State Rep. Malcolm Kenyatta (D-181st Dist.) recently announced plans to introduce legislation aimed at placing more mental-health providers in Pennsylvania’s public schools to prevent bullying and suicide.
The legislation, known as “Phillip’s Law,” is named after Phillip Spruill. Jr. Kenyatta announced his intention to introduce the legislation on May 7, in a memorandum that was distributed to his colleagues in the state House of Representatives.
Spruill, a fifth grader at Benjamin B. Comegys Elementary, died by suicide in his Bartram Village home April 5 after being bullied about his weight. Relatives said Spruill was also despondent because his younger brother was constantly bullied by classmates who perceived him to be gay.
Spruill’s grandmother told PGN the bullying was pervasive. “It was in school, on the school bus and all the way up to his front door, because [the kids all live] in the same complex,” she said. “They would chase [Spruill and his brother] and call them ‘fatty and the faggot.’”
Phillip’s Law will be cosponsored by state Reps. Joanna McClinton (D-191st Dist.) and Wendi Thomas (R-178th Dist.).
“The bill was my idea,” Kenyatta told PGN. “But I brought on Wendi Thomas and Joanna McClinton as prime cosponsors. It’s important that the bill has bipartisan support.”
As of presstime, the bill hadn’t been introduced and assigned a number.
Kenyatta said mental-health workers are not always accessible to students in Pennsylvania’s public schools due to budgetary constraints. He also said there’s no state mandate for public schools to employ mental-health workers.
Kenyatta’s bill would require the state Department of Education to investigate and report on the number of mental-health providers in public schools (K-12) across the state in order to make recommendations on how to increase their numbers.
“It’s critical that we have mental-health professionals in the schools,” Kenyatta explained. “We’ve seen a lot of kids take their lives. That’s what we’re trying to address. This [Spruill’s suicide] was a tragic situation. Our goal is that this doesn’t happen to other students when they have this additional support.”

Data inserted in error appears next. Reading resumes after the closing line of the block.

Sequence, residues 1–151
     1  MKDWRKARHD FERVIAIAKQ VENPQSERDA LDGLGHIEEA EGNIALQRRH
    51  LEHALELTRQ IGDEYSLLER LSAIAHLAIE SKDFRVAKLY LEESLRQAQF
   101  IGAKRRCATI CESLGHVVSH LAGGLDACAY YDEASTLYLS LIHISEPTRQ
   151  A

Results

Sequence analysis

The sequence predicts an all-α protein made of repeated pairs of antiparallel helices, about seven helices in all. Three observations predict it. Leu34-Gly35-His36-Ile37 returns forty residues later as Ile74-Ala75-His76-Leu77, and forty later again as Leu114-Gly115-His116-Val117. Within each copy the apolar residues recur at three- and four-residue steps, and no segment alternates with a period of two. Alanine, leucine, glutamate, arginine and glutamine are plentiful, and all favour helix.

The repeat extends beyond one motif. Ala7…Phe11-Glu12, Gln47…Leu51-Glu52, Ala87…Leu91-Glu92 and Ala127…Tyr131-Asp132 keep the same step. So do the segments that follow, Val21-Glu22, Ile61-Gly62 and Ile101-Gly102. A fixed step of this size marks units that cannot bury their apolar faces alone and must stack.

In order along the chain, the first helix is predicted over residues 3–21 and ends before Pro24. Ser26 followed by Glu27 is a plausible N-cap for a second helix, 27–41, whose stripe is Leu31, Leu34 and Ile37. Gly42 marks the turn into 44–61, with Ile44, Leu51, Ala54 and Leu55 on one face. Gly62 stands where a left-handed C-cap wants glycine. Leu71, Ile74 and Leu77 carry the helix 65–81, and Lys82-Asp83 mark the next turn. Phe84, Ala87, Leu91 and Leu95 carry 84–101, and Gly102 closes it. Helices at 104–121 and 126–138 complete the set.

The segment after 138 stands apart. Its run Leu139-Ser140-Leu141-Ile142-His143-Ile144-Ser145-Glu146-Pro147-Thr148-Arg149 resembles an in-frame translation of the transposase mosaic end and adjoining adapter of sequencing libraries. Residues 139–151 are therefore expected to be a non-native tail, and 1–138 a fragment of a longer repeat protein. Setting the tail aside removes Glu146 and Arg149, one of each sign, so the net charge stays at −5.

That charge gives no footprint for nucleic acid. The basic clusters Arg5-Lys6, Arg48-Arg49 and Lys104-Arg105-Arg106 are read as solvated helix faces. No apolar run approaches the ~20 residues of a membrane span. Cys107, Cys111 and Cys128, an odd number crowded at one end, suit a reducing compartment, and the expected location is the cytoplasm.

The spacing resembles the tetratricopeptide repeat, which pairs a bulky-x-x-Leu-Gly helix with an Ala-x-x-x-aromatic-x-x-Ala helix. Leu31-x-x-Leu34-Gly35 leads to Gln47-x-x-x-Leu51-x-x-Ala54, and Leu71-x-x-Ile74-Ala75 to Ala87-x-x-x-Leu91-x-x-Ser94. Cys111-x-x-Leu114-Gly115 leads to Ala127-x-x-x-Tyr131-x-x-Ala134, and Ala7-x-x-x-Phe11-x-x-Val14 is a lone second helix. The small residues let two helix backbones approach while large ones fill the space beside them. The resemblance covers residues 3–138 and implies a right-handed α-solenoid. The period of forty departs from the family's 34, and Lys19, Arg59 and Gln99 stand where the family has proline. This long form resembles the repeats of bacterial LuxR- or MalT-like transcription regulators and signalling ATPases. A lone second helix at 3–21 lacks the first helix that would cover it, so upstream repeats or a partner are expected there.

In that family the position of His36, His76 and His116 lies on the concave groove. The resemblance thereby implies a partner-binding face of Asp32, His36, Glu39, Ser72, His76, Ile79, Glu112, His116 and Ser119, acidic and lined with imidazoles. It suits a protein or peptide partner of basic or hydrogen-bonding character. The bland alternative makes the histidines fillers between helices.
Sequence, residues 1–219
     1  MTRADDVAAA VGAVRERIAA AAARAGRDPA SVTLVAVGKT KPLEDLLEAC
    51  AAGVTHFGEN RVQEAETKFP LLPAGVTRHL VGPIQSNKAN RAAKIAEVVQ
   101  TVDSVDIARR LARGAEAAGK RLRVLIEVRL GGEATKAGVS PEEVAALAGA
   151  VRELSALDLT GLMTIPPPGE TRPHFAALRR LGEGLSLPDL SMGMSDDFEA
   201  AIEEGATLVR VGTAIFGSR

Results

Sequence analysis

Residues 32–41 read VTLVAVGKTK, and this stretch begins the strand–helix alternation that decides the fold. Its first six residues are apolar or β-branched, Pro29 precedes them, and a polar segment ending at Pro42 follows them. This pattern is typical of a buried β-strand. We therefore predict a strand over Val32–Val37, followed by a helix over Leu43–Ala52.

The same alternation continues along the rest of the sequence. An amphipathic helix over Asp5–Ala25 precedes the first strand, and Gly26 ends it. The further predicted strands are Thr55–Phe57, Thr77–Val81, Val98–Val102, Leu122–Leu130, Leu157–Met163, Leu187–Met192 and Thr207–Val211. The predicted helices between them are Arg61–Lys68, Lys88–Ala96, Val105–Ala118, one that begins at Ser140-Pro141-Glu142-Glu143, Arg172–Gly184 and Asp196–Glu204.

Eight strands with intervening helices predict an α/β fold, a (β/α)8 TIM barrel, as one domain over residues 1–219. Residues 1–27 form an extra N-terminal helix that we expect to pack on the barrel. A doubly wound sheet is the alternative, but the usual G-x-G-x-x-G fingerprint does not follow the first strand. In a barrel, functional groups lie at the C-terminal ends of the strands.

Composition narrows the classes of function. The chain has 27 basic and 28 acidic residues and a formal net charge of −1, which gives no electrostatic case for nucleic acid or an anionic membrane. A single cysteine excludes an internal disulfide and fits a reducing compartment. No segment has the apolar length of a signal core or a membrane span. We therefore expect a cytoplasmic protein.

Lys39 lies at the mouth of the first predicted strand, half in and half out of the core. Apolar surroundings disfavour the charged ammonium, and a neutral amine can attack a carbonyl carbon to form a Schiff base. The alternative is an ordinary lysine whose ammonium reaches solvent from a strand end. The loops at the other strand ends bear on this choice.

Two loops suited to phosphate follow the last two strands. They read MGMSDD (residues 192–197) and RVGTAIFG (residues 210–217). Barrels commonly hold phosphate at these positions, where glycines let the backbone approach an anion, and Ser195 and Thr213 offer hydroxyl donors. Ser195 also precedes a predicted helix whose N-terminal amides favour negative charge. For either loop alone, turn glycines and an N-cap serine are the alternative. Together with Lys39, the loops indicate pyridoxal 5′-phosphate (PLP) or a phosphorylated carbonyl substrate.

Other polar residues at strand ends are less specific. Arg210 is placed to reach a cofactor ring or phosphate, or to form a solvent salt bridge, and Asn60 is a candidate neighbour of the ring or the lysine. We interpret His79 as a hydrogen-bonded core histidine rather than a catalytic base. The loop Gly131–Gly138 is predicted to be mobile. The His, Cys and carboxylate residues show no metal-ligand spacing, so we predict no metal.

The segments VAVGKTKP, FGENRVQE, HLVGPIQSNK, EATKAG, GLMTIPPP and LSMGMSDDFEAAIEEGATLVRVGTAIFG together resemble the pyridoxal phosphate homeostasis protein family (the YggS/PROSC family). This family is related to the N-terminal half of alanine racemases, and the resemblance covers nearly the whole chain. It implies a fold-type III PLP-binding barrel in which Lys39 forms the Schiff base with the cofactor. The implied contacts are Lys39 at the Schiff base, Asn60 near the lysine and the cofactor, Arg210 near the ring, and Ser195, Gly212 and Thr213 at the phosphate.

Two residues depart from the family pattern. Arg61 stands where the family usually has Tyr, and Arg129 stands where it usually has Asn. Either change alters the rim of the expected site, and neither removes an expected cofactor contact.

Kenyatta also praised Spruill’s relatives for speaking out about his death. “I’m really grateful to his family and really moved by how brave they’ve been,” Kenyatta said. “They’ve been very brave, in terms of using this horrific circumstance to talk about what’s happening to students.”
McClinton echoed Kenyatta’s sentiments. “We’ve seen firsthand the devastating effects that school bullying can have on young people in our community.” McClinton said. “I’m grateful to stand alongside Reps. Kenyatta and Thomas to try to get Phillip’s Law passed. If we can save even one life or help even one student overcome school bullying, this fight will have been worth it.”
Thomas said mental-health services should be available to students of all ages. “This boy [Spruill] was 11 years old,” Thomas told PGN. “In my district we lost a middle-school student to suicude in 2019. So we need to look at mental-health issues not just at the high school level but really K-12.”
The Philadelphia School District has 323 counselors for 131,302 public school students, which equates to a ratio of one counselor for every 407 students. The district has added 84 counselors since 2015. However, the American School Counselor Association recommends one counselor for every 250 students, according to published reports.
Lee Whack, a Philadelphia School District spokesperson, said the district hopes to hire 21 additional counselors in the near future.
“As a school district, we don’t have the power to raise any revenue,” Whack told PGN. “We rely on the city, state and federal government for our funding. If our 2020 budget is approved, we’ll add an additional 21 counselors across the district. Our proposed budget is about $3.36 billion for 2020.”
Whack said the district is sensitive to the needs of students. “This [Spruill suicide] was a tragedy that everyone at the school is very sad about,” he said. “We’re providing supports to students. We’ll do everything we can to support students. It’s a horrible tragedy that Phillip is no longer here. But there were no official reports of bullying involving Phillip at the school.”
Whack added: “Anytime a child is lost, it’s quite a tragedy. We take bullying and reports of bullying very seriously. We have a bullying hotline, 215 - 400 - SAFE. Since 2015, we’ve added 84 counselors and 220 school-based climate positions to address student behavior -- to keep things going in an orderly fashion, to avoid bullying and conflicts in the schools.”
Pennsylvania is among 20 states that don’t mandate counselors in schools, according to a study conducted by Bradley University in Peoria, Illinois. The other states are Alaska, Arizona, California, Colorado, Connecticut, Delaware, Florida, Hawaii, Illinois, Kansas, Kentucky, Massachusetts, Michigan, Minnesota, New York, North Carolina, Ohio, South Dakota and Texas.